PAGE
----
Asset allocation plays an important role in the financial planning process. How you allocate your resources – in other words, what you do with the money you have left over after you pay your day-to-day living expenses – will dictate how your financial picture looks today, and more importantly how it will look in the future.
By exposing yourself to a variety of asset classes, each which has its pros and cons, you get a significant risk/reward benefit. Risk is reduced through diversification and the reward is the opportunity to realize the following benefits:
- Capital Appreciation
- Tax Minimization
Your asset allocation will change periodically throughout your life depending on your particular needs and goals. An effective asset allocation model is comprised of the following asset classes:
Ownership in real estate can come in a variety of forms: home, vacation property, investment property (residential, commercial, industrial), etc.
Buying a home is typically the first major purchase an individual or family makes. In most cases, a property purchase is leveraged using a small downpayment with the majority of the cost financed through borrowing (a mortgage). In the early stage of your life/career your home will represent the majority of your assets, however, this will gradually change over time.
The decision to purchase other real estate is usually driven by emotion (vacation property) or financial benefit (investment property) or sometimes both. An investment of this nature should typically be done during the middle stage of your career as your exposure to non-home assets (ie. RRSPs) has increased so as to avoid over-exposure to real estate.
In this category we are referring to investments as stocks, bonds, mutual funds, GICs, etc. In addition to choosing your investment or investments, you will also need to make a choice on the type of account used. All investments have an associated level or risk and expected reward – typically there is an inverse relationship between the two. Your choice of investment and the type of account used should be determined by considering the purpose/objective of the investment and the amount of risk/volatility you are willing to accept. There are numerous plans/accounts available for investment:
Registered Retirement Savings Plan (RRSP)
An RRSP is a legal trust registered with the Canada Revenue Agency and, as the name suggests, is primarily used to save for retirement. RRSP contributions are tax deductible and taxes are deferred until the money is withdrawn. RRSPs provide investors the ability to (1) deduct contributions against their income and (2) grow their investments on a tax-sheltered basis. An RRSP has the added benefit of allowing a tax-free withdrawal for a first time home purchase under the Home Buyers’ Plan or for educational purposes under the Lifelong Learning Plan. In both cases, the funds must be repaid to the RRSP over a period of time.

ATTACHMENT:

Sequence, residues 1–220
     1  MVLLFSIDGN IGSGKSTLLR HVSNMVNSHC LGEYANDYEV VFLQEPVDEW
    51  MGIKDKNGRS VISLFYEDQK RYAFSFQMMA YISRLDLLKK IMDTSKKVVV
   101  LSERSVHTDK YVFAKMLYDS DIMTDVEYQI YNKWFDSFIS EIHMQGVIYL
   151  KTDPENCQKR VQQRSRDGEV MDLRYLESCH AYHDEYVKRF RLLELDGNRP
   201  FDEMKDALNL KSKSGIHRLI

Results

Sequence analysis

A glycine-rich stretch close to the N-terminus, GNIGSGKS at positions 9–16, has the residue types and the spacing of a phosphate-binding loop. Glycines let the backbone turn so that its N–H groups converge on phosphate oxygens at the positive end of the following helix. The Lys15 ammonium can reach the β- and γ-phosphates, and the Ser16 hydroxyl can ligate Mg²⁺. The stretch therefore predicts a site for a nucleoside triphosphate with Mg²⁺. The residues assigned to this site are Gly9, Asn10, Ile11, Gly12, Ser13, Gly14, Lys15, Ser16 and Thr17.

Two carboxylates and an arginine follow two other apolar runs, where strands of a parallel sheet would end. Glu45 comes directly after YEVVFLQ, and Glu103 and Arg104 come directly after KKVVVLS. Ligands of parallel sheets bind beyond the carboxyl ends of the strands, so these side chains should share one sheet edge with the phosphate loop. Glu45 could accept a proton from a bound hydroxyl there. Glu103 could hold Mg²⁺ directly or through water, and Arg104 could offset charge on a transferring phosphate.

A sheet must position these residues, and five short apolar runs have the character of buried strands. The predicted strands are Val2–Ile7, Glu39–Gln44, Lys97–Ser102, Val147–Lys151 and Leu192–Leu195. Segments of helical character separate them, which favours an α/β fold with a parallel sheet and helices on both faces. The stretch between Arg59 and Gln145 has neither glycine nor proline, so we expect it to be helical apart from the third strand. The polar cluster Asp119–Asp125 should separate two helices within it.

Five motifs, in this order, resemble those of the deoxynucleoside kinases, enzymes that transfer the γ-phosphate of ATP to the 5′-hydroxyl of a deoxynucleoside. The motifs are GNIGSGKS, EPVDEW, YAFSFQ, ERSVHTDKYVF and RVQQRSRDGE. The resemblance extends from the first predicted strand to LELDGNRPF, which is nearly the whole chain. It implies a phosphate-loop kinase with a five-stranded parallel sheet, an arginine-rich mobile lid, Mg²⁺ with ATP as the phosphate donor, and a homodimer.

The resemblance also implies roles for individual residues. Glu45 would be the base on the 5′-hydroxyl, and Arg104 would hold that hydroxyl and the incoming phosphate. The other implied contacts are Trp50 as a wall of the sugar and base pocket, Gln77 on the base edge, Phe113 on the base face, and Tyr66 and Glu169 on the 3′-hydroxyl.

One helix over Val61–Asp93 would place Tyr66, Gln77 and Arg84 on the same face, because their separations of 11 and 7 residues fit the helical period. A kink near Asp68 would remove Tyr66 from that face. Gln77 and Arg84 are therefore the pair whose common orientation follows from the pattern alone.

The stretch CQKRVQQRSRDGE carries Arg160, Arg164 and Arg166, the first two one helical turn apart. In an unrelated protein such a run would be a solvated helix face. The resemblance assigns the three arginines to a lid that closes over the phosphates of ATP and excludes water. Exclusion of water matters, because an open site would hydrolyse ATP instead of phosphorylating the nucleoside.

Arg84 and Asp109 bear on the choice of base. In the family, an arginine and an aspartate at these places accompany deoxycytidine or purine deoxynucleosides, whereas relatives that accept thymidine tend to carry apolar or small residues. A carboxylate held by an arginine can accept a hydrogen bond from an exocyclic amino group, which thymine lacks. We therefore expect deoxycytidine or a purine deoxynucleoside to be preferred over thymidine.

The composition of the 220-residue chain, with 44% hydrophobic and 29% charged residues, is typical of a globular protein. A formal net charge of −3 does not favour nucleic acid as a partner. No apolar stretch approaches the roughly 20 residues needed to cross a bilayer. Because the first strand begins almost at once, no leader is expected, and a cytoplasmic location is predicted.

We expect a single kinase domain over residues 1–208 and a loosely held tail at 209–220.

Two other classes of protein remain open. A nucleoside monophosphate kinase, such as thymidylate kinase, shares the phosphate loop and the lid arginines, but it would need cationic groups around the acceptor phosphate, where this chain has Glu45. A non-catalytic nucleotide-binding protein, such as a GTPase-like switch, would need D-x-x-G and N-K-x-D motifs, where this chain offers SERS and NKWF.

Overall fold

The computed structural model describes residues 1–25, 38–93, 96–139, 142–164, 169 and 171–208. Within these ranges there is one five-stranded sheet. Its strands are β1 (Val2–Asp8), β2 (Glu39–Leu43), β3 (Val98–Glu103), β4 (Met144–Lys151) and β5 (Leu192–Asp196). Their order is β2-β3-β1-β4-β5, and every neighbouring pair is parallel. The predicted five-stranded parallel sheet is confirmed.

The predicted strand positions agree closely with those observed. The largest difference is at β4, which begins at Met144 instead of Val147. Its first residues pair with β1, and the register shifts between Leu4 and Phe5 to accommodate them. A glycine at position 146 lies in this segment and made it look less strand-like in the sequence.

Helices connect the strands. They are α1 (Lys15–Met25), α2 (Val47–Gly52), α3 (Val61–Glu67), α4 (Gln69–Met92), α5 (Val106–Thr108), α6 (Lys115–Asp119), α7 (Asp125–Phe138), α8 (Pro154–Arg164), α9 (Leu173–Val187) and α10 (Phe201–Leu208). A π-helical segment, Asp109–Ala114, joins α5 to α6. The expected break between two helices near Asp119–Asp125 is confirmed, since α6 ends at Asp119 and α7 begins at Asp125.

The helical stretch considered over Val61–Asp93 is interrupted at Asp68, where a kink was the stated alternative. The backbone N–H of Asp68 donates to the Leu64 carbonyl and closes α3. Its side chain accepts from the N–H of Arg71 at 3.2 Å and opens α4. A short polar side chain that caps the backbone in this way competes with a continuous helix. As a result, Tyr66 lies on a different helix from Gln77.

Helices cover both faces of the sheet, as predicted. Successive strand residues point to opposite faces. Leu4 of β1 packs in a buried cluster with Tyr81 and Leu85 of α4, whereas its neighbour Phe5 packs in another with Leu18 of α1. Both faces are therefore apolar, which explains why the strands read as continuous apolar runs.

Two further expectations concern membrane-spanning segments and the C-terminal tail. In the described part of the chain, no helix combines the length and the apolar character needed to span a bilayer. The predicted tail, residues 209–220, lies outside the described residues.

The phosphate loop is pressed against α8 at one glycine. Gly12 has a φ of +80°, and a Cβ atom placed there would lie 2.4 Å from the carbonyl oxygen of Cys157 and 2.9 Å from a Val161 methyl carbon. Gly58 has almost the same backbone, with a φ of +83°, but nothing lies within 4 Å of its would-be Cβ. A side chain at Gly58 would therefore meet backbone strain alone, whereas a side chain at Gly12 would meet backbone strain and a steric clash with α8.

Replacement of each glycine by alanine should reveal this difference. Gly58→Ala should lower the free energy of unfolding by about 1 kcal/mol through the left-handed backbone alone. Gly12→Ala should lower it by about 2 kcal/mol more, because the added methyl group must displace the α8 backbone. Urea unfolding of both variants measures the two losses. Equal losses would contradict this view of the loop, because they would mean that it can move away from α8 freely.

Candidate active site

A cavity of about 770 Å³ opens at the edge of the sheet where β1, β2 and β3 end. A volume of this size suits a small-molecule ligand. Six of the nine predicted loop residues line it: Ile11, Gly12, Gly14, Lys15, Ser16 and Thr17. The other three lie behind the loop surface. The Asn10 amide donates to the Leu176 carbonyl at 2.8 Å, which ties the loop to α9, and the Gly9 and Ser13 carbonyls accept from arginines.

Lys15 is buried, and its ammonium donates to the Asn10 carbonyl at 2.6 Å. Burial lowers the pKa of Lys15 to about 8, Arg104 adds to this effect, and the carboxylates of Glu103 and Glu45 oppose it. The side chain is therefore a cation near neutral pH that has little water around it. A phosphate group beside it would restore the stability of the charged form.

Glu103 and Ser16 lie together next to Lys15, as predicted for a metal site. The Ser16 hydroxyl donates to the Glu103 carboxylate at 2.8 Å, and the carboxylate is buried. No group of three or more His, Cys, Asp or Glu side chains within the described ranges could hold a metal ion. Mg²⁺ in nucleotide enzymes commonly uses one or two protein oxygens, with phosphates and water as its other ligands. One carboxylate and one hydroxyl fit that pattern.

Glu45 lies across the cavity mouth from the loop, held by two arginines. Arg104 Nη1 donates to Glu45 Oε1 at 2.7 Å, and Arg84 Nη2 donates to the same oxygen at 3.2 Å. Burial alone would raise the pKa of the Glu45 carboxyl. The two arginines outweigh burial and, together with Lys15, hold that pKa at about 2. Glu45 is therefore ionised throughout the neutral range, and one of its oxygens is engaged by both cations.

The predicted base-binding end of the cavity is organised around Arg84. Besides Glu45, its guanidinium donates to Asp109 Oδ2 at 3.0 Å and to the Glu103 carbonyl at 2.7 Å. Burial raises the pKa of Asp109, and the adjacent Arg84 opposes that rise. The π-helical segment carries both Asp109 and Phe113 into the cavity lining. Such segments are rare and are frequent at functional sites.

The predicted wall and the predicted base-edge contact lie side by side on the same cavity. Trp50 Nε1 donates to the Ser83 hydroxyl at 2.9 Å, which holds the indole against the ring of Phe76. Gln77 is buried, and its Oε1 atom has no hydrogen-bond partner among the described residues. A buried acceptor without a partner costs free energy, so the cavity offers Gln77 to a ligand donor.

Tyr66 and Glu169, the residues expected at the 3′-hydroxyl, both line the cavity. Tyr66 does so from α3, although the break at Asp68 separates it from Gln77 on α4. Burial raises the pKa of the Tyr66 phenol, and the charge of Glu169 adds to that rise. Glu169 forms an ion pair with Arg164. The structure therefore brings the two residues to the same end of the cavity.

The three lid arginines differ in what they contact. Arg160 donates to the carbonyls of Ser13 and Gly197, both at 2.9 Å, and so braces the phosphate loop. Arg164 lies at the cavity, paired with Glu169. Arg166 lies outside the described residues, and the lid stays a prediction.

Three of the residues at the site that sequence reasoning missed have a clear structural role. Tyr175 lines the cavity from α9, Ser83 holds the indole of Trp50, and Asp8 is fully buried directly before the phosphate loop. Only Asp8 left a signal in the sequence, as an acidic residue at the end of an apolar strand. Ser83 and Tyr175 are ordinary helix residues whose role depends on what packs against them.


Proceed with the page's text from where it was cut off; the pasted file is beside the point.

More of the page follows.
Tax Free Savings Account (TFSA)
An account that does not charge taxes on any contributions, interest earned, dividends or capital gains, and can be withdrawn tax free. Tax-free savings accounts were introduced in Canada in 2009 with an initial annual contribution limit of $5,000 per year. In 2013, that limit was increased to $5,500 and has since been adjusted to $10,000 for the year 2015 and subsequently reduced back to $5,500 in 2016 under the new federal government. Contributions to a TFSA are not taxdeductible and any unused room can be carried forward. This savings account is available to individuals aged 18 and older and can be used for any purpose.
Registered Education Savings Plan (RESP)
A savings plan sponsored by the Canadian government that encourages investing in a child’s future post-secondary education. Subscribers to an RESP make contributions that build up tax-free earnings – tax-free because subscribers cannot deduct payments made to the plan from their income. The government contributes a certain amount to plans for children under 18 under the Canada Education Savings Grant (CESG).
Non-Registered Investment Account
This type of account provides no tangible tax benefits so it is important to consider tax implications when investing in a non-registered investment account. Primary consideration should still be on matching the investment to objectives and risk tolerance, however, a secondary strategy should include tax minimization where possible. These types of accounts can be in the form of either a personal or corporate structure.
Term life insurance is a cost-effective way to protect your family in the early stage of your career. However, a permanent life insurance policy with an investment component should be considered later as it can provide a number of additional benefits – both to the person insured and their family. It has tremendous flexibility in terms of how it can be paid for, when you can access funds, and in the tax-efficient nature of the death benefit. It is a valuable and multi-functional financial planning tool.
An emergency fund is an integral part of your financial planning foundation. In the early stage of your career it is usually more sensible to provide this protection using a line of credit. Later in life, however, a level of cash should be maintained for this reason, and also to take advantage of investment opportunities as they present themselves.